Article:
The challenge before the American administration will be how to create a viable Middle Eastern architecture with relative openness of societies, developing economies and aspiring peaceful coexistence – at the cost of fundamentalist Iran. This demands a new pro-active American policy in Obama’s second term, and Bill Clinton seems the best-suited person to implement a new American diplomatic intervention.

Bill Clinton has a proven record in Middle East peace efforts. I was fortunate in the mid-Nineties to work with him and his administration, and I witnessed first hand that he has proven exceptional qualifications:

• The political ability to build common bilateral and regional structures of compatible self-interests, be it in the Palestinian, Jordanian, Syrian or multilateral tracks.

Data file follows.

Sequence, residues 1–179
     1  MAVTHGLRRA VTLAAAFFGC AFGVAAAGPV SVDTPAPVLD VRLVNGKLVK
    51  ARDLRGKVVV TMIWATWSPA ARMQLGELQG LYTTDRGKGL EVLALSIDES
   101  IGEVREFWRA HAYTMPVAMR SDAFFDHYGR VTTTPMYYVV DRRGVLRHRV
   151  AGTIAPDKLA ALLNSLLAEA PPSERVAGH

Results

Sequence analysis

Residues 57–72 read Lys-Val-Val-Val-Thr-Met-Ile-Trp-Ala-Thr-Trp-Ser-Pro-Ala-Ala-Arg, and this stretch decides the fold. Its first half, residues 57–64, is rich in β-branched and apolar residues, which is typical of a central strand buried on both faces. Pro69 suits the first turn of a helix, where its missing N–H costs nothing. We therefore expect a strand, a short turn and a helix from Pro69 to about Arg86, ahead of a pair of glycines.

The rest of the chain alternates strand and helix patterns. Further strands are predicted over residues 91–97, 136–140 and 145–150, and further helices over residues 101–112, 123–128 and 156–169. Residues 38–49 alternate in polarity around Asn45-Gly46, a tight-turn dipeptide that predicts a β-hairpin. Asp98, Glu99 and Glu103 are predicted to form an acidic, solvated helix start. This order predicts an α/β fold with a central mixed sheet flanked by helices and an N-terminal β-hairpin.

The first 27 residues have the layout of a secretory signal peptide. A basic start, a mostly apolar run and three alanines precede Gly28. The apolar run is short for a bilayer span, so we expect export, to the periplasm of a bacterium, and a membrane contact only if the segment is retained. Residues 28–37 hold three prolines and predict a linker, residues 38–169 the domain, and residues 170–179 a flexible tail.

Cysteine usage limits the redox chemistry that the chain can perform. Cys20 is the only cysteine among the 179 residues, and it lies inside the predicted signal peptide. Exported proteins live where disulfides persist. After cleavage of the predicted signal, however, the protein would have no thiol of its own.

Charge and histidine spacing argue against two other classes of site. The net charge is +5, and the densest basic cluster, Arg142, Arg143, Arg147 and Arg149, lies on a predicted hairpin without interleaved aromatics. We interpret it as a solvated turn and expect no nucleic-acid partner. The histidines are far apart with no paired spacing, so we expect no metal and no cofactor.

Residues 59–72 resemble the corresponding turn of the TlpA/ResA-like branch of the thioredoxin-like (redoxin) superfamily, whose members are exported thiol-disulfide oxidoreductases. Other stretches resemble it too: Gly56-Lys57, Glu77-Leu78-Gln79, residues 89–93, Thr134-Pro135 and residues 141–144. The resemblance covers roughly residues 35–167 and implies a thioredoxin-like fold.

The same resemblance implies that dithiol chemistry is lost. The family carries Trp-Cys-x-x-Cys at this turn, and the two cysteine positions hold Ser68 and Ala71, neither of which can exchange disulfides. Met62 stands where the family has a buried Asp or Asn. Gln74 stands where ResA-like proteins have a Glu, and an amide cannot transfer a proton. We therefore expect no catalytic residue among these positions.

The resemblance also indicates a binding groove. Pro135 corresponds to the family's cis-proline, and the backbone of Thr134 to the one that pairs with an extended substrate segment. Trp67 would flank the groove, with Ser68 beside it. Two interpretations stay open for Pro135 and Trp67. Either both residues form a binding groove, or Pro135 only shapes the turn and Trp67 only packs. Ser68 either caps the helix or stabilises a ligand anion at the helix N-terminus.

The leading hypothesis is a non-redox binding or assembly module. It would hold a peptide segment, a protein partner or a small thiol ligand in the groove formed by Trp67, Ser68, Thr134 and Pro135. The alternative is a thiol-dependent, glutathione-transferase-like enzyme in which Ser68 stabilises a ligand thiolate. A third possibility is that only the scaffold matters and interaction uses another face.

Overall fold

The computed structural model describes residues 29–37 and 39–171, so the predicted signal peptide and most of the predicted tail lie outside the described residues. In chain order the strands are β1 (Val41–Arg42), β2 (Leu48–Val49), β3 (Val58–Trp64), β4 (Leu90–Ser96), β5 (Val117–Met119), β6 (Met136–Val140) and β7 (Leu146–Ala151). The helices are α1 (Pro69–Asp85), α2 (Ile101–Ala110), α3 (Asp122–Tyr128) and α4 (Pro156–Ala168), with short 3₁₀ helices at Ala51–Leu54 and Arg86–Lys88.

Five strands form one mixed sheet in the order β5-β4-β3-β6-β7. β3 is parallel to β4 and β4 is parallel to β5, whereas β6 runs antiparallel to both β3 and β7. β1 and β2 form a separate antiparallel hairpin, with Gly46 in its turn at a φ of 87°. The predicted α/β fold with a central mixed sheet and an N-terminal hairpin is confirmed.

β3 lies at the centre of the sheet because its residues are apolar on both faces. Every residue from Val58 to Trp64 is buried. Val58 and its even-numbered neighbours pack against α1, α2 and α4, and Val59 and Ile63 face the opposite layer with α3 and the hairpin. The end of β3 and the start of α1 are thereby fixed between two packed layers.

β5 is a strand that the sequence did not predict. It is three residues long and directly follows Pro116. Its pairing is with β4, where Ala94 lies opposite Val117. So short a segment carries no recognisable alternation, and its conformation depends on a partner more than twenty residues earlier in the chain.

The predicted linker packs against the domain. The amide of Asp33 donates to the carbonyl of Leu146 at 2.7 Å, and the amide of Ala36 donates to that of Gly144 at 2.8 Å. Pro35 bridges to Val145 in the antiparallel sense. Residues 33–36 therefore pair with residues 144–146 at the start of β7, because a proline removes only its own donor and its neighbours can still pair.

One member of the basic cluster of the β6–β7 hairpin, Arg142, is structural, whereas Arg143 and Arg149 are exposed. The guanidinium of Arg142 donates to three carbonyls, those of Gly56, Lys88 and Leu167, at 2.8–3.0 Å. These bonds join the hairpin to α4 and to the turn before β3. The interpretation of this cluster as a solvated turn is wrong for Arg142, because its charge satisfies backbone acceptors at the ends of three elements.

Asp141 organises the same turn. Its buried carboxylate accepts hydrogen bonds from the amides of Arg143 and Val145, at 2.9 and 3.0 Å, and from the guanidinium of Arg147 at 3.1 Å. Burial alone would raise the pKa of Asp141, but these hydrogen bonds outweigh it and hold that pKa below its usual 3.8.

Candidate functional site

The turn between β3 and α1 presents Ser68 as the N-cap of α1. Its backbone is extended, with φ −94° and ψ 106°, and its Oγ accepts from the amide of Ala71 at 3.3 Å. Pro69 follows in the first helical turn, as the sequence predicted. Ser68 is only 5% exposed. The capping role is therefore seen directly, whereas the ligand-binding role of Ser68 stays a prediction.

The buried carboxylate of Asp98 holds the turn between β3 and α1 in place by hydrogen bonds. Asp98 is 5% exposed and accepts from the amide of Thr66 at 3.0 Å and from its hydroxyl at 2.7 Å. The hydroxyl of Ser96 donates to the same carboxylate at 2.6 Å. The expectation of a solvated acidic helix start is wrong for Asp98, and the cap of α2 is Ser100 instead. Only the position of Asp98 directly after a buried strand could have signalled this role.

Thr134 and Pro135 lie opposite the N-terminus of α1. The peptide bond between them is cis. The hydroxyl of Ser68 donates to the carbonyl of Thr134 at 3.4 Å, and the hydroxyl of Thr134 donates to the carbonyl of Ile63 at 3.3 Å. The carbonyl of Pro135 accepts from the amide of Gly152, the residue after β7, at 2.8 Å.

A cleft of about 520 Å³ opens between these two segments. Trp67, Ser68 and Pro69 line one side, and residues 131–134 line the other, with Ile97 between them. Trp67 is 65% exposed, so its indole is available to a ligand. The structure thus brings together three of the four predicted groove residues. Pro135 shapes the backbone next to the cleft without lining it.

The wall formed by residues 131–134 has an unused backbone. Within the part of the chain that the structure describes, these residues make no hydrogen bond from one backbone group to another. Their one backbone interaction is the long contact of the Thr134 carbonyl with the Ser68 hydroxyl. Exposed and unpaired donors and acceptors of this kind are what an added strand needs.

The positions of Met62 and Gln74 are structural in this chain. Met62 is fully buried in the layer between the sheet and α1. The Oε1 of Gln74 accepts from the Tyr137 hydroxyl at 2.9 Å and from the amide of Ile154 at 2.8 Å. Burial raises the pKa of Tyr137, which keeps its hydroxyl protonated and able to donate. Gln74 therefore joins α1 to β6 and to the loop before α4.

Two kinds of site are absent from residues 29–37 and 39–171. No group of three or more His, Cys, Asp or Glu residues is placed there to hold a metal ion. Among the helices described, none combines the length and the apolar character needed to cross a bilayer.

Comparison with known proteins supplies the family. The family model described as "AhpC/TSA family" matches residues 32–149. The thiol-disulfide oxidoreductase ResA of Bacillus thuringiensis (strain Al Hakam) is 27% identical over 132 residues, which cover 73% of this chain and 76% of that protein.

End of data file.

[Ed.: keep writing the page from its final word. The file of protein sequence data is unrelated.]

• A mixture of a value-based world view, of human and humanitarian rights, with almost a Machiavellian capacity to maneuver in the quagmire of the Byzantine-like Middle East policies.

• The personal qualities to create relationships of mutual trust. Clinton has succeeded in creating an exceptional degree of trust in the region with the highest degree of paranoia per square mile, by the most suspicious of leaders such as Assad, Arafat, Hussein and Rabin.

Under the reelected President Obama, Clinton could put his foreign policy statesmen qualities to work in our region, at a most critical time, in favor of America’s strategic interest, in relation to the following elements: